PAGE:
08 Oct Layered Apple Pound Cake
These are Mutsus, also known as Crispins. They’re firm and semi-tart, and have white flesh. They’re also Ontario’s only truly green apple. I learned this last weekend while I traipsed about the orchard at Nature’s Bounty on a tour. In the drizzle.
On the other side of the colour spectrum are Idareds. They’re firm like the Crispin, but tart. Here they are dripping with rain, clinging to the tree, defying the overcast skies with their nearly glowing red skins.
Even the rain didn’t dampen my enthusiasm. We were all like kids in the candy shop. Only the candies were apples and the shop was a rolling orchard with sheep, a guard llama, and more gourds than I could count.
There are a staggering 7500 apple varieties grown throughout the world. Due to climate, space, and demand, Ontario produces about 20, which will more than serve your baking, cooking, preserving and snacking needs.
With so many varieties with such diverse colours, flavours and textures, how do you compare apples to apples?
I don’t think you can. Russets are small, surprisingly hard, and sweet with an amber skin with flecks of brown. Super-sized Honeycrisps are warm yellow with a kiss of rose. They’re firm, but not in the Russets’ league. Not pictured are the McIntosh and Macoun, both red and round and tender. But the McIntosh has a bite, while the Macoun delivers hints of floral perfume as if the bees had stopped by a patch of elderflower on their way to the orchard.
Size, texture, taste, flesh colour, shape, all differ. Here are some of the local varieties we sampled. You can see they even brown at different rates.
Layered Apple Pound Cake
I wanted to make something a little different that still bordered on comfort food. I decided to make a lemon pound cake studded with candied ginger and with layers of finely slivered apples. The apple keeps the cake very moist. A shield of lemon-ginger glaze covers it for good measure. Plus, it creates a wonderful mess factor that screams “homemade”.
For this Layered Apple Pound Cake, I used a firm-sweet apple since the ginger and lemon have a bit of tang. Choose from Honeycrisp, Mutsu, Golden Delicious or Jonagold. Tender apples, like McIntosh, Gala and Ambrosia might fall apart too much, so save them for eating straight out of your hand.
I used a mandolin on the thinnest setting to slice the apples. If you don’t have a mandolin cut the apples as thinly as possible. Two thin layers of apple will bake into the cake better than one thick slice.
The only other caution is to make sure your butter and eggs are at room temperature. This cake isn’t beaten very much so you need the batter to come together quickly.
This resulting cake is moist, tender, and not too sweet thanks to the tangy glaze. If you don’t like the bite of the ginger, you can omit it, but I think it brings out the best in apples.
- 1½ cups all-purpose flour
- ¾ cup sugar
- ½ cup finely chopped crystallized ginger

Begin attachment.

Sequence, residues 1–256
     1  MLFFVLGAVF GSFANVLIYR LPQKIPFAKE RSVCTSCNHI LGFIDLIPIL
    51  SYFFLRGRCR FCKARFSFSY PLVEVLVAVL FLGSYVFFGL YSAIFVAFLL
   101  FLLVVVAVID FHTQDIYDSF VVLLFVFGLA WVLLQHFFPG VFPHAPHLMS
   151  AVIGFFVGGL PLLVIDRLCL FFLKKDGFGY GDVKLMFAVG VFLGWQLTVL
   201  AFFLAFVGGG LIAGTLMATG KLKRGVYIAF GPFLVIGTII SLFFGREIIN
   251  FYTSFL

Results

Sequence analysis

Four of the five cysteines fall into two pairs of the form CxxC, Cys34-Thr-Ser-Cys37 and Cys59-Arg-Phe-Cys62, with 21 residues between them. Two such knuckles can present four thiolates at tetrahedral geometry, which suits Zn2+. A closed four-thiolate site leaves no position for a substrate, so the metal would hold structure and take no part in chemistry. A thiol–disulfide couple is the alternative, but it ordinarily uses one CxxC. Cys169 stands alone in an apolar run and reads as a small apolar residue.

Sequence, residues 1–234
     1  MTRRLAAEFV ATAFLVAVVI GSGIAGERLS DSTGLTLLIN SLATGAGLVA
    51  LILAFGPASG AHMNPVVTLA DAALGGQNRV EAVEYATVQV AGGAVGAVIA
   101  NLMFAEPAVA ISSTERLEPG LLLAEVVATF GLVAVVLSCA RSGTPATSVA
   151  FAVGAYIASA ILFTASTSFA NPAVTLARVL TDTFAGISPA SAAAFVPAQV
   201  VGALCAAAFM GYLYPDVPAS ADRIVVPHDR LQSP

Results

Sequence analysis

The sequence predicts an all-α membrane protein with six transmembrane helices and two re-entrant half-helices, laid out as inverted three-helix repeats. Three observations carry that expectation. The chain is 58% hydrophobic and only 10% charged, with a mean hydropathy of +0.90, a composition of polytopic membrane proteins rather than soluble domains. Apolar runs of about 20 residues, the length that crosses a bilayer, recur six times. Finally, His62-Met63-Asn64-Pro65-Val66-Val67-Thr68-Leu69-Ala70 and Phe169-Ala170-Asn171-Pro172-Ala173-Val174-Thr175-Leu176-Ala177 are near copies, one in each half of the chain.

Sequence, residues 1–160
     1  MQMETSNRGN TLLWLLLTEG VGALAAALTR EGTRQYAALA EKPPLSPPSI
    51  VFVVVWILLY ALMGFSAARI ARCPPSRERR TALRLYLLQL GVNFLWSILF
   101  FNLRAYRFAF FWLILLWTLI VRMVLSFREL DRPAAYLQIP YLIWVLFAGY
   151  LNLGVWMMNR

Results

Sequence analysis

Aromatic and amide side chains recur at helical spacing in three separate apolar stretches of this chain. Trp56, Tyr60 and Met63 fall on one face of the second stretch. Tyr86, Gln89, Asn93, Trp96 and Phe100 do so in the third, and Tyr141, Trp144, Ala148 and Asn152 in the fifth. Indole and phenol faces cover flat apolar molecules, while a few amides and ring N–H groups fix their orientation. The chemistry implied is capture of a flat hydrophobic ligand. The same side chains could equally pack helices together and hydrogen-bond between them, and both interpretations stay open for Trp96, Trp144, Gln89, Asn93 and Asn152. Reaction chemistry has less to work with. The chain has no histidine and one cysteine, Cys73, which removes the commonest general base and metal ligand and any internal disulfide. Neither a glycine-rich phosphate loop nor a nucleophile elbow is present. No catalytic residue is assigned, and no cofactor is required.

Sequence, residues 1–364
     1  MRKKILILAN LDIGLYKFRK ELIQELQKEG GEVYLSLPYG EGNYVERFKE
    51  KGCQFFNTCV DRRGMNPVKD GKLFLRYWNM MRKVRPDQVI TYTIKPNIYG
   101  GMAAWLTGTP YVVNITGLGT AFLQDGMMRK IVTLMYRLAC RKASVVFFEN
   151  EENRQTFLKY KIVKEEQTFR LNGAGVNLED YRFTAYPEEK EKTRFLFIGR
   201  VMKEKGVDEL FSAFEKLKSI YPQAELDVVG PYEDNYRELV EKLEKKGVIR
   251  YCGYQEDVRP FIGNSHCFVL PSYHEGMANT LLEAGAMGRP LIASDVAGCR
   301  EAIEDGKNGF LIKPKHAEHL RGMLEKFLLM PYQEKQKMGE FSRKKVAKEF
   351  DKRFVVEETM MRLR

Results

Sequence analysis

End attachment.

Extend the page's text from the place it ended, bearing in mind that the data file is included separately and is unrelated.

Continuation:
- ½ teaspoon baking powder
- ½ teaspoon fine sea salt
- ¼ teaspoon baking soda
- ¾ cup butter, cut in cubes and softened
- ½ cup buttermilk
- 3 large eggs, room temperature
- Zest of 2 lemons
- 1½ teaspoons vanilla extract
- 1 small or ½ a large firm, sweet apple (Honeycrisp, Jonagold, Mutsu/Crispin, Golden Delicious are good choices)
- 1 cup icing sugar
- 2 tablespoons fresh squeezed lemon juice
- ½ teaspoon ground ginger
- Preheat oven to 350F. Line a 9- by 5-inch loaf pan with parchment. Set aside.
- In a large bowl or the bowl of a stand mixer fitted with a paddle, place the flour, sugar, crystallized ginger, baking powder, salt and baking soda. Whisk to combine.
- Toss the butter cubes over the flour distributing them fairly evenly. In a liquid measuring cup, measure the buttermilk, then use a fork to whisk in the eggs, lemon zest, and vanilla. Pour the buttermilk mixture over the butter and flour. Beat for 1 minute on medium. Scrape down the sides and bottom of the bowl. Beat on high for 1 minute if using a stand mixer or 2 minutes if using am electric hand mixer.
- Core the apple. Leave the skin on but cut the apple in half from top to bottom. Slice VERY thinly (aim for 1/16th of an inch), using a mandolin, if possible. Leaving this to the last minute ensures the apple slices won’t discolour.
- Spoon a third of the cake batter into the loaf pan and smooth flat. Place half the apple slices evenly over the batter, layering them so they overlap. Spoon a third of the batter on top of the apple layer, being careful not to dislodge them when you smooth the batter. Layer the second half of sliced apple over the batter, and top with the remaining batter, smoothing one final time.
- Bake for 45 to 55 minutes or until the top is golden and a cake tester or wooden skewer inserted into the centre comes out clean. While the cake bakes, make the glaze by whisking the icing sugar, lemon juice, and ginger together until smooth in a liquid measure or small bowl. Set aside.
- Place loaf pan on a rack to cool. Poke holes in the top of the cake with a cake tester, wooden skewer or toothpick. Spread half the glaze over the cake and let it seep in while the cake cools. Once the cake is cooled, remove from the pan and drizzle with the remaining glaze, letting it drip over the sides for effect. Neat freaks can leave the loaf in the parchment-lined pan to contain the second layer of glaze. Let glaze set for about a half hour before slicing with a serrated knife to reveal the hidden apple layers.
- * You want about 4 ounces of sliced apple
Disclosure: From time to time I work with companies that are a good fit for my brand. This post is sponsored by the Ontario Apple Growers. I have been compensated for creating a recipe of my own choosing. I chose cake.